Note: Individuals born between 1955 and 1959 have an FRA of age 66 plus several. For individuals born 1960 or later the FRA is age 67.

On average, early Social Security recipients will receive a permanent 20 percent reduction in the monthly benefits.

Now let’s put these numbers in a retirement income planning perspective. Assuming the Smiths have targeted $75,000 a year for their retirement income lifestyle, let’s consider their timing options for collecting Social Security benefits and their impact on their ability to retire comfortably. For this example, we will assume that the Smiths have retirement savings of $350,000.

Here are the capital requirements (based on a spend-down rate of 5%) the Smiths must meet based on their decision to retire at age 62, 66 and age 70:


Retirement Age

Capital Requirement

Capital Shortfall based on $350,000 of savings

Age 62



Age 66



Age 70


Capital Surplus of $85,000*

*Also assumes capital growth of retirement savings over 4 years

In the Smith’s situation, by waiting, they not only benefit by an increased monthly benefit thus reducing their total capital requirement needs, they increase their capital surplus by allowing their retirement savings to grow 8 extra years.

This may not work out in the way in other situations, and there are other considerations that might warrant taking an early benefit such as:

  • You intend to collect benefits before your full retirement age and you have earned income that will not cause your Social Security benefit to be significantly reduced.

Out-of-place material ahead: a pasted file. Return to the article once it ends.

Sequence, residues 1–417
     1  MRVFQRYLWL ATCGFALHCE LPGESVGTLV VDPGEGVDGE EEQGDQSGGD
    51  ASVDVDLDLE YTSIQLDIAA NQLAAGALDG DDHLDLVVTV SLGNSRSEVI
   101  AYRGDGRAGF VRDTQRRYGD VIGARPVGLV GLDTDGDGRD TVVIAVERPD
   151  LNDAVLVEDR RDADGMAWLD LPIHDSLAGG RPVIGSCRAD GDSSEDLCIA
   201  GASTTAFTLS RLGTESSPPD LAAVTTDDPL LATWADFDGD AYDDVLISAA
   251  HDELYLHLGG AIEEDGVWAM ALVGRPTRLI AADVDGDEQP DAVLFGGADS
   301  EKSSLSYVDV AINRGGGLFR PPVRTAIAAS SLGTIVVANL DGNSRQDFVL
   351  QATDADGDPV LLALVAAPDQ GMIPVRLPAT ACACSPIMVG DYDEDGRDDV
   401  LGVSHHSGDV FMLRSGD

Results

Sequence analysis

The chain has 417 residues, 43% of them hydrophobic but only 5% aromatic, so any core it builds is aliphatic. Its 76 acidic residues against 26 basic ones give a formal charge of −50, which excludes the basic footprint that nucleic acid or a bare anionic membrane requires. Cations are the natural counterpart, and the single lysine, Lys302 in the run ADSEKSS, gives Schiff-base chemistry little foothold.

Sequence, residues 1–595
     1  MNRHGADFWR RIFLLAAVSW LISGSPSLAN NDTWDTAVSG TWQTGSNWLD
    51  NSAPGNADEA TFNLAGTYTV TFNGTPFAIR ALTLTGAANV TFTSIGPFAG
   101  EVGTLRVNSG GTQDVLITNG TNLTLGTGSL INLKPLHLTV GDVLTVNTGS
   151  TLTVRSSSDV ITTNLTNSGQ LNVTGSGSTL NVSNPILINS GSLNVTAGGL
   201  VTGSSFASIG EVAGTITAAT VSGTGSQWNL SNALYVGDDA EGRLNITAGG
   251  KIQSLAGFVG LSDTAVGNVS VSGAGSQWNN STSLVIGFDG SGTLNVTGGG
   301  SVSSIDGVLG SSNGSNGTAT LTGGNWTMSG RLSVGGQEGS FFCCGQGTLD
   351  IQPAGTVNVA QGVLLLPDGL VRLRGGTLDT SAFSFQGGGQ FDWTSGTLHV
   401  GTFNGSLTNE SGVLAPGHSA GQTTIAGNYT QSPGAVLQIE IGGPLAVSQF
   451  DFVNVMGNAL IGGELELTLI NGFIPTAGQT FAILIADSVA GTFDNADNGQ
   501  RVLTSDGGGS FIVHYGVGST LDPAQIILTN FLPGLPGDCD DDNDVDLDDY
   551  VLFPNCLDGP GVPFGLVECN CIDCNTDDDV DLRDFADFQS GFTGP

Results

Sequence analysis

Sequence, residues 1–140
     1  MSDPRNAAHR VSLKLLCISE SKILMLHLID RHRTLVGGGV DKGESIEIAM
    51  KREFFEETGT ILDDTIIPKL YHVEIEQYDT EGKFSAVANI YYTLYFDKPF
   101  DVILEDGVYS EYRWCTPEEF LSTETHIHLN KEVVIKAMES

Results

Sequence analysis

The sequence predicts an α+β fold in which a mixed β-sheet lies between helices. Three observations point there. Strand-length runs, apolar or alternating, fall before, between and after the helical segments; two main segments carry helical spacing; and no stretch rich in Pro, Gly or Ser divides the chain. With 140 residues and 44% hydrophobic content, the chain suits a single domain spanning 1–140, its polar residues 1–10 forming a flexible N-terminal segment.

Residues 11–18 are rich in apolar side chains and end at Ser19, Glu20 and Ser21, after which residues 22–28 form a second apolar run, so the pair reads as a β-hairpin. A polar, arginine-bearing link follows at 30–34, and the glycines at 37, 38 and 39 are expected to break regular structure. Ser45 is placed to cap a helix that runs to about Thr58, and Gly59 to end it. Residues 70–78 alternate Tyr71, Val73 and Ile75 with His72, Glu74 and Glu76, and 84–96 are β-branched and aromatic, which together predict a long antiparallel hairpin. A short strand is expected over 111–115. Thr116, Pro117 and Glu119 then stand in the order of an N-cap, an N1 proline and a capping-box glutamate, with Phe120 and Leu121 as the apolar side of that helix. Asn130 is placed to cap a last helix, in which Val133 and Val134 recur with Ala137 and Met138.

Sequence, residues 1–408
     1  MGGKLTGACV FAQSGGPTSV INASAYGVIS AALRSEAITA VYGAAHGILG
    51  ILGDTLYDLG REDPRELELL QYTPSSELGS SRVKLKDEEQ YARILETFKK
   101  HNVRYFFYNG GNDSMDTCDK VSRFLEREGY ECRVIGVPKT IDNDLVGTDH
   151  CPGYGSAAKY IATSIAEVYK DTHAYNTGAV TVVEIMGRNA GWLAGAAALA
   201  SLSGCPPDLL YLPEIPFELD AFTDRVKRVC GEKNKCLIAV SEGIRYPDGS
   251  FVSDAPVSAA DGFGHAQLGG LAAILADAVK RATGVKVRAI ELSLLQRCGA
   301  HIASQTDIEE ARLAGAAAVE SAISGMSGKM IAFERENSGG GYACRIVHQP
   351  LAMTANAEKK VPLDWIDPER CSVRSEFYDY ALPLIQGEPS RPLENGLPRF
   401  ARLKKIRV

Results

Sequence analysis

• Due to health conditions or family history you have a less than normal life expectancy.
  • You believe your personal assets, income and retirement income sources along with a reduced Social Security benefit are adequate to meet your lifetime income need.
  • Believe their personal assets and income retirement income sources along with the reduced SSRB are adequate to meet their retirement income goals.

Important note: In situations in which there is a non-working spouse, the spouse should NOT delay filing for spousal benefits. Spousal benefits do no accrue any DCRs, so what would be received at the delayed date would be the same as the current date. By waiting, the couple would simply be losing out on 4 years of benefits.

As with any financial decision of such consequence, it is vitally important to review your options with a qualified financial professional knowledgeable in Social Security.

*This content is developed from sources believed to be providing accurate information. The information provided is not written or intended as tax or legal advice and may not be relied on for purposes of avoiding any Federal tax penalties. Individuals are encouraged to seek advice from their own tax or legal counsel. Individuals involved in the estate planning process should work with an estate planning team, including their own personal legal or tax counsel. Neither the information presented nor any opinion expressed constitutes a representation by us of a specific investment or the purchase or sale of any securities. Asset allocation and diversification do not ensure a profit or protect against loss in declining markets. This material was developed and produced by Advisor Websites to provide information on a topic that may be of interest. Copyright 2024 Advisor Websites.